Spies, Prisoners and Prime Ministers
In his second novel, Dinner at the Center of the Earth, Nathan Englander takes on his toughest topic and format to date—the Israeli-Palestinian conflict, wrapped in the guise of an international thriller.
The story is told from many points of view, but begins with Prisoner Z, an American Jew who came to Hebrew University in the mid-1990s, captivated by the atmosphere: “Crammed together at those study tables were religious and secular, Arab and Jew, rich and poor, white and brown and (sometimes) black,” Englander writes. Prisoner Z sees the campus as a refuge from politics and a sign of what could be: “They were up on the mountain, waiting for the inevitable harmony to set in.” At the same time, he carries a chip on his shoulder from the anti-Semitism he faced as a yeshiva boy on Long Island. By the time we meet him, he’s made aliyah and been recruited by the Mossad for a convoluted spy operation in Berlin involving a fake identity, a yacht and a Palestinian businessman named Farid. As a result of the operation and its consequences, Prisoner Z knowingly betrays his new country and lands in a secret bunker prison in the Negev.
The man who put him there is the General, a not-so-subtle stand-in for Ariel Sharon. The General has been shot and now lies in his hospital bed in a coma, but the reader has access to his thoughts. Though this is Prisoner Z’s story, it is the General who is the more sympathetic and interesting character. As a young warrior, the General is ordered by David Ben-Gurion to do what the prime minister and his elevated ilk couldn’t—make the shedding of Jewish blood expensive. “They’d used [me] as a scapegoat from the beginning,” the General reflects. That Englander could make this character relatable is one of his great feats.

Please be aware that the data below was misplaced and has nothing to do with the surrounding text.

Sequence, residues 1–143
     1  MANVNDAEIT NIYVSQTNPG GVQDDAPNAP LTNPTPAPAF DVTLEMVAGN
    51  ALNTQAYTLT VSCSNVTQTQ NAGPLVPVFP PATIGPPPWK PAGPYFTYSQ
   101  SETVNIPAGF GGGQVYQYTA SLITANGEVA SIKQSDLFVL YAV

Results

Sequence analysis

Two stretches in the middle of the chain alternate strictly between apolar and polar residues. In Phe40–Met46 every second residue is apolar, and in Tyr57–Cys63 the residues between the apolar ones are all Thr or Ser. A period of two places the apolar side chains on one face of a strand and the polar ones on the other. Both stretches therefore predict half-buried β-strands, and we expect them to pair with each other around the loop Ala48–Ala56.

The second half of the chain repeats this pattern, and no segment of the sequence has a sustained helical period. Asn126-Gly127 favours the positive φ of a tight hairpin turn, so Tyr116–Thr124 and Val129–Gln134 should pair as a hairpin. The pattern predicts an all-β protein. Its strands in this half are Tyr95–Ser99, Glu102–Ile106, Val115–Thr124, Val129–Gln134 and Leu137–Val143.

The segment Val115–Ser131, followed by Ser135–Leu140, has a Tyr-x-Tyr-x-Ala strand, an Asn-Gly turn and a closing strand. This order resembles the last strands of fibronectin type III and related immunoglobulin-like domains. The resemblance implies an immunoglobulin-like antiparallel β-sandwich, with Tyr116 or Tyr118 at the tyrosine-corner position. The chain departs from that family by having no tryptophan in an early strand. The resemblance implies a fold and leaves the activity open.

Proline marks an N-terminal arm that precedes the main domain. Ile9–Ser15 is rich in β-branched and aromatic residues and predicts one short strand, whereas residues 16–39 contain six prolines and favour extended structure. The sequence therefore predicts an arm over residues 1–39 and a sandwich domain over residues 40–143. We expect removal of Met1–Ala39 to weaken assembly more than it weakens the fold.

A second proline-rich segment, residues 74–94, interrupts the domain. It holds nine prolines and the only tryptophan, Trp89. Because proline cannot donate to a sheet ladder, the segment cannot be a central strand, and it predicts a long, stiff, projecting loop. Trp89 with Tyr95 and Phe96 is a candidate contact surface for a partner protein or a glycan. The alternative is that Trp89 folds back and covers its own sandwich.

Englander is at his best when he’s in the heads of his characters, showing their complicated rationales for the choices they make. This includes Farid, whose business deals fund his brother’s terrorist acts back in Gaza. He can emotionally distance himself from the violence until the Israelis bomb his brother’s house.
The novel is not doctrinaire; to Englander’s credit, everyone has his say. But it isn’t really a thriller, either. Hapless Prisoner Z doesn’t feel like someone the Mossad would have been interested in to begin with, and his mistakes, particularly when he’s on the run in Paris and takes up with a beautiful waitress, are so rookie that it’s almost a relief when he’s captured.
The young soldier guarding Prisoner Z, referred to as the Guard, is the son of Ruthi, the General’s trusted assistant, a woman who has been his right hand for decades. She loves the General. Her son, however, does not love his gig, which has lasted for 12 years, even as the man who ordered it lies unconscious. In the end, both mother and son are babysitters. The son guards Prisoner Z, whom he’s come to like, and who waits in limbo for he knows not what, while the mother sits day and night by the bedside of the General, now a symbol more than a person. Like the Jewish people, mother and son are forever bickering over politics, even as they are stuck in their moribund roles. Yet they are also tender, loving and dependent on each other. They live side by side, trying, like many of us, to figure out what exactly is going to happen next.
Sharon Pomerantz, author of Rich Boy, is at work on her second novel.